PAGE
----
MPS1[edit | edit source]
MPS1 kinases play many roles in mitosis. This kinases' most highly conserved and important role is to make sure the orientation of sister chromatids of spindles at kinetochores are correct. The kinetichores are structures that hold spindle microtubules and acts as a platform for signaling for the spindle checkpoint. In humans it is also involved in activating and maintaining spindle checkpoints.
Role in Spindle Pole Body[edit | edit source]
MPS1 kinase phosphorylates multiple spindle pole body (SPB) components. In fungi, Spc29 and Spc42 are phosphorylated, giving then stability. Centrin (Cdc31), Spc98 a γ-tubulin complex component, and Spc110 are some of the more conserved parts of SPB. Phosphorylation of Spc98 has possible effects on its contact with Spc110. Phosphorylation of some of these parts is necessary for them to interact with each other. If Mps1 is over expressed in mammals, centrosomes can be over duplicated, and overexpressed kinase-inactive allele will block centrosome duplication. However, some research with RNA interference has shown results that contradict the statement that Mps1 is needed for centrosome duplication. For example, Mps1 was removed from human cells with cre-lox, but these cells were still able to duplicate their centrosomes. Other species lack MPS1 orthologs but they can still perform centrosome duplication. Even with those contradictions, MPS1 still plays a role in centrosome duplication in humans. This is proven by the fact that substrates like centrin 2 are phosphorylated by MPS1 and is required for centriole, the core of a centrosome) stimulation.
Kinetochores and Spindle Assembly Checkpoint[edit | edit source]
MPS1 is localized in kinetochores. The spindle check point is used to ensure bipolar attachment and tension of all the chromosomes are correct in the mitotic spindle. The cell pauses at its metaphase until every chromosome is attached correctly. When they are all checked to be good, the anaphase can start.
Localization of kinetochores in checkpoint proteins is needed for their function. Research not really shown kinetochore localization of checkpoint proteins being dependent on MPS1. However, some of these studies have shown that these checkpoint proteins can be loss from the kinetochore if MPS1 is inactivated. Also if MPS1 is over expressed, cell arrest can occur. It is concluded from these results that MPS1 has a large influence in the checkpoint signaling pathway. Another view if MPS1 is absent, several checkpoint activities are interrupted and devastating effects can occur, such as failure of spindle function. But it is difficult to tell if this is true, because MPS1 has many substrates.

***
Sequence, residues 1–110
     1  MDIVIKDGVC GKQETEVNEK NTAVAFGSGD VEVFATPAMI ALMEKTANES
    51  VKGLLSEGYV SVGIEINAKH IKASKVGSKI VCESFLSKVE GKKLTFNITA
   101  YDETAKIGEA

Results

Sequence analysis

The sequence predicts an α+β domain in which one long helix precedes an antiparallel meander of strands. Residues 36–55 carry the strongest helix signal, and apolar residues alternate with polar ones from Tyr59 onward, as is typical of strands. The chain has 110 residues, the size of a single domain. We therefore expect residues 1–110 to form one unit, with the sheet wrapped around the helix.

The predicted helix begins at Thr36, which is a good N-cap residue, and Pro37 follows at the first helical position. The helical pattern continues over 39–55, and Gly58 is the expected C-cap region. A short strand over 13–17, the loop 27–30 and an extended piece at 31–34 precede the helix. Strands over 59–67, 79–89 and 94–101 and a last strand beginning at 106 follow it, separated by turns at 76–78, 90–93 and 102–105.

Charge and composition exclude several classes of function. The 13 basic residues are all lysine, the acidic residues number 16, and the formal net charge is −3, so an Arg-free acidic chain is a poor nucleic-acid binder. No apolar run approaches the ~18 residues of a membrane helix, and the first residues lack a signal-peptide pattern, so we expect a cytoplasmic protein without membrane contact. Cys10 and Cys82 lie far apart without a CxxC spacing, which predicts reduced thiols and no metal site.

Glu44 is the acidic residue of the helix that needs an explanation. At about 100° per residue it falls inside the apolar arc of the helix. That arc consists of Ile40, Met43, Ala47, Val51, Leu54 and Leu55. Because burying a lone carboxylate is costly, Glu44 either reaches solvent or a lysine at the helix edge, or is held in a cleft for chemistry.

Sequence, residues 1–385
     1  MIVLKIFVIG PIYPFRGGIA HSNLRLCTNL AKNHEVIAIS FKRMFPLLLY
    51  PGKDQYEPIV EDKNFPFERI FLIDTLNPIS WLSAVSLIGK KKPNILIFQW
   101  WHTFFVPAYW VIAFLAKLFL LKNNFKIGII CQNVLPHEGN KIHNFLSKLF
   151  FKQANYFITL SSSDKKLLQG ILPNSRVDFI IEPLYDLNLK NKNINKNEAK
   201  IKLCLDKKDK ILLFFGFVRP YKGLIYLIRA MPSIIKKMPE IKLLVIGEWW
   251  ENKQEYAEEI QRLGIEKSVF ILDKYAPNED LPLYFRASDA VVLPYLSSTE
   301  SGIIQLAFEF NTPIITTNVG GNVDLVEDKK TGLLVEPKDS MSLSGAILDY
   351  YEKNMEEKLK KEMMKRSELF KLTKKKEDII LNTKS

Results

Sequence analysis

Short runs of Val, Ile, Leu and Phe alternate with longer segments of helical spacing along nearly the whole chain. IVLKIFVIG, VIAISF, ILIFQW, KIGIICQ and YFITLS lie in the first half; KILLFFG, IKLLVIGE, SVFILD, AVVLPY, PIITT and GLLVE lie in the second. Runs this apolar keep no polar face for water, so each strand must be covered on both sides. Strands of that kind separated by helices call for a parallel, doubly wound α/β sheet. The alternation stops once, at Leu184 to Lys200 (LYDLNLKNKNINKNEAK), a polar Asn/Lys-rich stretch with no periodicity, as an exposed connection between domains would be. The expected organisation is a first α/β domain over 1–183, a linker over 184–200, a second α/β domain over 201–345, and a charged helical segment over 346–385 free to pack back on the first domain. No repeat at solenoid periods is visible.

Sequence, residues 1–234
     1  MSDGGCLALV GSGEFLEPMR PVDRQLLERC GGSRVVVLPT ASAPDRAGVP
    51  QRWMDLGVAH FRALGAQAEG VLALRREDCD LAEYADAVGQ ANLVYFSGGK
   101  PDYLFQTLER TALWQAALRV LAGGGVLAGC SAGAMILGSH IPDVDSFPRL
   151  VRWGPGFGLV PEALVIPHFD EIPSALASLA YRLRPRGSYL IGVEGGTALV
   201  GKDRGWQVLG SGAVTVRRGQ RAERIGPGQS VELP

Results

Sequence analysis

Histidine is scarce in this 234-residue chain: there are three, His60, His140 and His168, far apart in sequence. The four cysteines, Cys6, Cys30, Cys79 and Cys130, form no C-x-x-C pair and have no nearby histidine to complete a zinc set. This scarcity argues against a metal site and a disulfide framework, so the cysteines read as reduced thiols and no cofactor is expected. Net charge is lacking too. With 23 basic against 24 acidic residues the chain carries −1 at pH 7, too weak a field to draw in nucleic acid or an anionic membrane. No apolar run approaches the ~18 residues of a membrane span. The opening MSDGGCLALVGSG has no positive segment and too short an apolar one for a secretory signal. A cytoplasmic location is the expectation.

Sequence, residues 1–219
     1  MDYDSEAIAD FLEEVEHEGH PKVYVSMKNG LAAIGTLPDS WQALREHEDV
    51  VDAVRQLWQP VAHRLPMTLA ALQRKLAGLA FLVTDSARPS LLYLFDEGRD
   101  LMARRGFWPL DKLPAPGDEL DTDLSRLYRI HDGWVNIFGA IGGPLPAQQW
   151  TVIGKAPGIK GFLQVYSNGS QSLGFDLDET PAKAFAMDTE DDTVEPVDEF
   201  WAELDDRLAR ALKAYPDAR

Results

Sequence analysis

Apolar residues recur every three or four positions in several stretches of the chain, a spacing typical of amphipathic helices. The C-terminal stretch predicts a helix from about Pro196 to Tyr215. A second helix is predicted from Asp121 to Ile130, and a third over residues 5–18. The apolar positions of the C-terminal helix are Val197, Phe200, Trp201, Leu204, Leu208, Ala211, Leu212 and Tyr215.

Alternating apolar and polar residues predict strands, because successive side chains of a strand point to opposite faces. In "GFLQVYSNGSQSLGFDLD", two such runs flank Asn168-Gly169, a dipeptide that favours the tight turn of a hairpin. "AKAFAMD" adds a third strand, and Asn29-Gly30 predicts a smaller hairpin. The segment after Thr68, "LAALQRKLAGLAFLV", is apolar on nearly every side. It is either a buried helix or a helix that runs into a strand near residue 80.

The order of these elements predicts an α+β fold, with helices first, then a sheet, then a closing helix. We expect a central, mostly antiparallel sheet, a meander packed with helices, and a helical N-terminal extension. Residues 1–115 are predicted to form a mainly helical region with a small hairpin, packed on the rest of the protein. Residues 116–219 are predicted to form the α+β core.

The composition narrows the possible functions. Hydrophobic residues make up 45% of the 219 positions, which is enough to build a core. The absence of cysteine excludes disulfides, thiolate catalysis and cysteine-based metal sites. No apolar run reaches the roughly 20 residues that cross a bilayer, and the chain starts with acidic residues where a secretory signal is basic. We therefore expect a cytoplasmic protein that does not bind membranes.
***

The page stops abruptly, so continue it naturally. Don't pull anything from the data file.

MPS1 can carry out its role in the checkpoint without being in the kinetochore. Similarly, truncated alleles of hMPS1 in human cells that are not localized at kinetochores can still activate the mitotic checkpoint complex. MPS1 also helps in the forming of an interphase APC inhibitor that has some of the same components as the mitotic checkpoint complex. The importance of MPS1 in normal mitosis progression can be seen from the fact that cells lacking MPS1 have a faster mitosis.
MPS1 and Cytokinesis[edit | edit source]
RNA interference studies have shown that if there is no MPS1 multinucleated cells can occur. This also showed that MPS1 plays a role in helping the cell exit mitosis. MPS1 binds to Mob1, activating Dbf2 protein kinase. This complex plays a role in the mitotic exit pathway. MPS1 is then deactivated once the cell exits mitosis. MPS1 and cytokinesis can also be linked by the hMPS1-binding partner/substrate, which is part of the actin cytoskeleton. However it is not clear how hMPS1 affects MPS1's function.
MPS1 and Meiosis[edit | edit source]
If MPS1 function is disrupted in meiotic cells, then chromosomes can be divided unevenly. This could come from the mutated MPS1 inability to maintain the spindle checkpoint and failure to attach chromosomes to the meiotic spindle correctly. This suggests similar MPS1 function in meiosis and mitosis.
References[edit | edit source]
The MPS1 Family of Protein Kinases - Xuedong Liu and Mark Winey